By Maria Pearson
As a technology teacher who had a long career with IBM before going into education, I have encountered all sorts of opportunities to teach – and to learn. The biggest such opportunity of my life occurred at the intersection of cancer, technology, and Dana-Farber.
In August 2010, I was diagnosed with stage III multiple myeloma, a blood cancer. No search engine was adequate in comforting my fears of life expectancy, treatment, or facing a stark life-altering challenge.
by Saul Weingart, MD, PhD
Flu has arrived in the northeast with a vengeance. The City of Boston declared the flu epidemic a public health emergency. Perhaps someone you know has been sick with the flu.
Influenza can be serious for anyone, but for a cancer patient, the stakes are higher. Read more
Although swollen lymph nodes (also known as swollen glands) are usually a sign of an infection or inflammation, they can, very infrequently, be a sign of cancer or a rare disorder.
Rachael Grace, MD, and Christopher Weldon, MD, PhD, co-directors of Dana-Farber/Boston Children’s Cancer and Blood Disorders Center’s Node Assessment Program in Waltham, Mass., offer the following tips for families worried about “lumps and bumps” in their children.
When we are sick, the kindness of others carries us through. Visits from those we love provide comfort, a hand to hold. But for Cindy Hale, healing meant limiting contact with family and friends.
Hale underwent an allogeneic stem cell transplant at Dana-Farber in 2002, leaving her immunocompromised – with a weakened immune system. Cancer patients in general are at risk for acquiring infection as a result of their underlying disease or from chemotherapy. This is why it is so important for patients, visitors, and staff to take an active role in infection prevention, according to Susan O’Rourke, RN, of the Center for Patient Safety at Dana-Farber Cancer Institute. “This needs to be a team effort,” she says.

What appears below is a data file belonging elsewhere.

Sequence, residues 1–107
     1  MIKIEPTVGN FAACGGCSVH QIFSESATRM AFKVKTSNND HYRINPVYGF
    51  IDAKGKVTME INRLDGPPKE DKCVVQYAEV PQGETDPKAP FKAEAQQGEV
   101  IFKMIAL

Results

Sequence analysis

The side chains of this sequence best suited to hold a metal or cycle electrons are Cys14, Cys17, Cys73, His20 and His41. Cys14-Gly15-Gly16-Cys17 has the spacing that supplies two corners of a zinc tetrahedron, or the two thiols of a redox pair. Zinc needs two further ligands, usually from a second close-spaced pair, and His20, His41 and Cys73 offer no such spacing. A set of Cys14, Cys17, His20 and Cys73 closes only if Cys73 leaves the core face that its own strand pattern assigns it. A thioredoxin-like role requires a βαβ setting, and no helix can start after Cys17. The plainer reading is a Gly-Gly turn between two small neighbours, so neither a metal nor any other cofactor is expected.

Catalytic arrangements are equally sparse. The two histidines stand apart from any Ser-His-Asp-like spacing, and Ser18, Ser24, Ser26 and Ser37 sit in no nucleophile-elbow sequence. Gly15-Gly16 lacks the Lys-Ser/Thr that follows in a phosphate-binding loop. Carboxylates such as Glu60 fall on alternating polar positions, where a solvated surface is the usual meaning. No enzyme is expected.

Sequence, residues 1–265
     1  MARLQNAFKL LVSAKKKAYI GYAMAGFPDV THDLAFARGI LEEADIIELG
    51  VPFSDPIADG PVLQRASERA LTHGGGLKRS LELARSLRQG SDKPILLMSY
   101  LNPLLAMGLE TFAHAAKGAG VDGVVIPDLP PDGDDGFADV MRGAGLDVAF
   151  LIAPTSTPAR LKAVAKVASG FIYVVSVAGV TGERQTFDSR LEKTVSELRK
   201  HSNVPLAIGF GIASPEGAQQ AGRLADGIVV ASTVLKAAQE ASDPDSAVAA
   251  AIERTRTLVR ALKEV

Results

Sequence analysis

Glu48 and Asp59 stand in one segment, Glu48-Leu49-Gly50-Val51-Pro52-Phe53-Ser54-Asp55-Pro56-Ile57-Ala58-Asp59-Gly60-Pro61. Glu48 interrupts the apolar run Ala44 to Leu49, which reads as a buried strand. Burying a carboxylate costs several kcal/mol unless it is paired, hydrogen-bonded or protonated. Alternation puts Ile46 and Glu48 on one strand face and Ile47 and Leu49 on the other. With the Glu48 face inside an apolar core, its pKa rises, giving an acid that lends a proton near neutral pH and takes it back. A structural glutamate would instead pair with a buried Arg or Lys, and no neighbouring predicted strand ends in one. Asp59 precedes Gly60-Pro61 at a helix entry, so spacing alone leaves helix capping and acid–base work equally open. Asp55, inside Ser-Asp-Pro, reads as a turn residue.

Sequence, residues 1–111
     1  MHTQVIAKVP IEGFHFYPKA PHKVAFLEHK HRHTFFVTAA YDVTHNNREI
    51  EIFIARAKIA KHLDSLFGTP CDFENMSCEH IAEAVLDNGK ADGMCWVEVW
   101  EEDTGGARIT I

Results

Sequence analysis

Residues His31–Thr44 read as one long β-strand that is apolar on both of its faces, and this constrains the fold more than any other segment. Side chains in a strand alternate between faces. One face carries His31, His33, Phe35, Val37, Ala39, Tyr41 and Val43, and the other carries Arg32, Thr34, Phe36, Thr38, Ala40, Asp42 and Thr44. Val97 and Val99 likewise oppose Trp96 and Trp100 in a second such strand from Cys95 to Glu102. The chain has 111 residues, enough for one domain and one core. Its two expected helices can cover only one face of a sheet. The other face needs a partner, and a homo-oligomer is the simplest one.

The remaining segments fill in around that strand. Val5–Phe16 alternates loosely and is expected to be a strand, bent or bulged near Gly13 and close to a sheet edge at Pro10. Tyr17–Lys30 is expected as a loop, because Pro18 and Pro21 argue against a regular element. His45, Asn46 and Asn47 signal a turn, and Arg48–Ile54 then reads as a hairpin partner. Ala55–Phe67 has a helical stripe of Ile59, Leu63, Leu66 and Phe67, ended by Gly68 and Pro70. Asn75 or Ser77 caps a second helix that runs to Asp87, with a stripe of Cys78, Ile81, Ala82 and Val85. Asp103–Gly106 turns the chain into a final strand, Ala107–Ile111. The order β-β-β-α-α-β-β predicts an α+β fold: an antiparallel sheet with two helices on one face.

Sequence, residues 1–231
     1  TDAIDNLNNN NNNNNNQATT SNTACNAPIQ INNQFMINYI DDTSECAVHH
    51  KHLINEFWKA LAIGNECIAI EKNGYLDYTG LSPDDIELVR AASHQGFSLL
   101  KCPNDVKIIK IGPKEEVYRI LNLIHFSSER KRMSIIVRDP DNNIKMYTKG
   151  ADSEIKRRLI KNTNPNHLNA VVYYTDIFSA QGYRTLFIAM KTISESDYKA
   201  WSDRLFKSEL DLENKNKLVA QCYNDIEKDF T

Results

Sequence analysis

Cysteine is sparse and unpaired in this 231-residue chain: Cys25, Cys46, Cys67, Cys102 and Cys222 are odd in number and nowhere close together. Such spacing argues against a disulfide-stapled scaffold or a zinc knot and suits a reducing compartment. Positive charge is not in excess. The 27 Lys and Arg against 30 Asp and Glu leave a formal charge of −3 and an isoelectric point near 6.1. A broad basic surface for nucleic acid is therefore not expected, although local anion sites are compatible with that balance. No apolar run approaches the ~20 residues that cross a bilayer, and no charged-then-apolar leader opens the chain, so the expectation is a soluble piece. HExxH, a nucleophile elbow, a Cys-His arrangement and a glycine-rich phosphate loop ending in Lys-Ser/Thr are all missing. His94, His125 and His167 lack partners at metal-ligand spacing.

Immunotherapy is one of the most technologically advanced yet basic forms of cancer treatment. It uses the body’s own defense mechanism, the immune system, to fight cancer.
Immunotherapy is probably most familiar to you in the form of vaccinations for the flu, polio, chicken pox, and other contagious diseases. In those cases, people are injected with a dead or weakened form of the virus responsible for the disease. That prompts the immune system to produce antibodies and white blood cells that ward off infection from the live virus.
For cancer prevention, two immune system-stimulating vaccines are now in use: one to protect against infection by the hepatitis B virus, which can give rise to liver cancer; and one to prevent infection by the human papillomavirus (HPV), which is linked to cervical cancer, some cancers of the head and neck, as well as anal and penile cancers.
In 1958, when scientists linked an aggressive form of leukemia to infection with a particular virus, some researchers took the discovery as evidence that nearly all cancers are caused by viruses. A cover story in Life magazine in 1962 proclaimed, “Cancer may be infectious.”
Today, it is estimated that viruses are responsible for almost 20 percent of cancer cases worldwide. Seven viruses have been connected to specific types of malignancies; it’s now known, for example, that the human papillomavirus (HPV) causes cervical cancer and some types of head and neck cancer.
While viruses can cause cancer in a variety of ways, the actual mechanisms fall into two broad categories. Read more